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Friday, August 25, 2006

August 25, 1960: JFK says Nixon is Weak, Ike Needs Week to Think of a Nixon Contribution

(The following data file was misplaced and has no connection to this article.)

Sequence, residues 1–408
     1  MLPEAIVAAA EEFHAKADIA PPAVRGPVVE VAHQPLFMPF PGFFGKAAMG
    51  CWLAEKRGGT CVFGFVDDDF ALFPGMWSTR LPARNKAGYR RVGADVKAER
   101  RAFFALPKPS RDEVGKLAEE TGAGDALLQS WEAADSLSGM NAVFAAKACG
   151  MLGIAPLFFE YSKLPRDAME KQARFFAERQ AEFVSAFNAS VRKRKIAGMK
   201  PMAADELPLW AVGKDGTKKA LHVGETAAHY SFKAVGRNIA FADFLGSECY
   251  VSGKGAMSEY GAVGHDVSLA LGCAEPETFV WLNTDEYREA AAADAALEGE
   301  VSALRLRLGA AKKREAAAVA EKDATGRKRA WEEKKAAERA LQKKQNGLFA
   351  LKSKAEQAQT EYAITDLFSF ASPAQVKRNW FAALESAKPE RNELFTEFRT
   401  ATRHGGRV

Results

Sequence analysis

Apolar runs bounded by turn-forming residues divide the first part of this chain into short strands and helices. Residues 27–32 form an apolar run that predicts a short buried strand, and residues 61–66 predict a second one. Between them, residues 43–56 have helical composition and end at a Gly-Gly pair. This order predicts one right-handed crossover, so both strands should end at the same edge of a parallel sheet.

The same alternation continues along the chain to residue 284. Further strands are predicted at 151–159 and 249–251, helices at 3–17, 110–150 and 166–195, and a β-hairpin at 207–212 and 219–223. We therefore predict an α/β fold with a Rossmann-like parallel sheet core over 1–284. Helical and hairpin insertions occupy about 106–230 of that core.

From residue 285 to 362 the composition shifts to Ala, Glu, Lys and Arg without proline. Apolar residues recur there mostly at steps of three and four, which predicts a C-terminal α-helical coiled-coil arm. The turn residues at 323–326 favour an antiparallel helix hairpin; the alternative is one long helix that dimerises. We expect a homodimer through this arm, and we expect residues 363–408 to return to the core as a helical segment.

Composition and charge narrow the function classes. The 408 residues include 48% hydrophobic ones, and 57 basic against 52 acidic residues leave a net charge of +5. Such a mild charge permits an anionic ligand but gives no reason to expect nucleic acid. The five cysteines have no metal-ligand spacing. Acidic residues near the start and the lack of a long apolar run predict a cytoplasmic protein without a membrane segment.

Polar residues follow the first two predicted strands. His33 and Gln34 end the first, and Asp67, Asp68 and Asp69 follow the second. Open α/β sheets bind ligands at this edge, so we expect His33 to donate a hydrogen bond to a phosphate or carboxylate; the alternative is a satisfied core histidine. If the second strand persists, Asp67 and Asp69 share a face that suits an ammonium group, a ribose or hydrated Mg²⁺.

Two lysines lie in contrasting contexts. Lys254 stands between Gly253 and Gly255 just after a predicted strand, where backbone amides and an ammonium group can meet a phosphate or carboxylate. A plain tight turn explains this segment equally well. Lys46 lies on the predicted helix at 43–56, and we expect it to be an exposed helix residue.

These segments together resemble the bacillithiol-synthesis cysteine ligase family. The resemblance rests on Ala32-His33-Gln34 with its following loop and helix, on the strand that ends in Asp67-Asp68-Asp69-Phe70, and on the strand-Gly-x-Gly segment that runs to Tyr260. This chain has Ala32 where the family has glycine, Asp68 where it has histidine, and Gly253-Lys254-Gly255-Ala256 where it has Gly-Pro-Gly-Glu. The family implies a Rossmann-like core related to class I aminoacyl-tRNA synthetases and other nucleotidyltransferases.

Side-by-side stories on the front page of today's New York Times about the two presidential contenders tell of Sen. John F. Kennedy's attacks on Nixon's "weakness" and Nixon's willingness to raise taxes if that's what it would take to assure the nation's security with increased Defense spending. "The Republican orators are fond of saying that experience in foreign policy is a major issue in this campaign. I agree," Kennedy said. "Mr. Nixon is experienced -- experienced in policies of retreat, defeat and weakness. They say he has presided over the National Security Council from time to time. During the eight years he has been presiding our security had declined more rapidly than over any comparable period in our history -- in terms of defensive strength and retaliatory power, in terms of our alliances, in terms of our scientific effort and reputation. Mr. Nixon may now say he has been urging an acceleration of our defense all along -- but in his August 10 press conference the president said he knew of no such different viewpoint by the vice president, adding: 'Certainly if there is he hasn't come to me about it.'" ... Today's paper carries a transcript of President Eisenhower's news conference of the day before with this exchange: Q: "Mr. President ... one of the issues in this campaign is seeming to turn on the question of Mr. Nixon's experience, and the Republicans to some extent almost want to claim that he has had a great deal of practice at being president. Now ... I wonder if it would be fair to assume that what you mean [in answer to a previous question] is that he has been primarily an observer and not a participant in the Executive Branch of the Government. In other words, many people have been trying to get at the degree that he has ... acted in important discussions, and it is hard to pin down." A: " ... I said he was not a part of decision-making. That has to be in the mind and heart of one man..." Q: "We understand that the power of decision is entirely yours, Mr. President. I just wondered if you could give us an example of a major idea of his that you had adopted in that role as the decider and final -- " A: "If you give me a week I might think of one. I don't remember."

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